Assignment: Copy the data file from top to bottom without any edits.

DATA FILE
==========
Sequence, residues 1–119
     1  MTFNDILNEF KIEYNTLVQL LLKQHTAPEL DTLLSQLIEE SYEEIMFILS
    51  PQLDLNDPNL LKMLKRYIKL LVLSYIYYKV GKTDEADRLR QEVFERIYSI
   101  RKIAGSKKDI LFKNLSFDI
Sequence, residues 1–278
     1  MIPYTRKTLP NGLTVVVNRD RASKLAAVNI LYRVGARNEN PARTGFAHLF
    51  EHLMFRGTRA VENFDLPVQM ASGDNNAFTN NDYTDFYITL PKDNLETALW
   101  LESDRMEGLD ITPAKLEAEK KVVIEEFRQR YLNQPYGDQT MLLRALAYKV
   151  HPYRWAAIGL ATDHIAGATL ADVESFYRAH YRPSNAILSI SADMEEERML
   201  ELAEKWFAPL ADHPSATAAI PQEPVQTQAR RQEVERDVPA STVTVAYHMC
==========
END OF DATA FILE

Sequence, residues 1–119
     1  MTFNDILNEF KIEYNTLVQL LLKQHTAPEL DTLLSQLIEE SYEEIMFILS
    51  PQLDLNDPNL LKMLKRYIKL LVLSYIYYKV GKTDEADRLR QEVFERIYSI
   101  RKIAGSKKDI LFKNLSFDI
Sequence, residues 1–278
     1  MIPYTRKTLP NGLTVVVNRD RASKLAAVNI LYRVGARNEN PARTGFAHLF
    51  EHLMFRGTRA VENFDLPVQM ASGDNNAFTN NDYTDFYITL PKDNLETALW
   101  LESDRMEGLD ITPAKLEAEK KVVIEEFRQR YLNQPYGDQT MLLRALAYKV
   151  HPYRWAAIGL ATDHIAGATL ADVESFYRAH YRPSNAILSI SADMEEERML
   201  ELAEKWFAPL ADHPSATAAI PQEPVQTQAR RQEVERDVPA STVTVAYHMC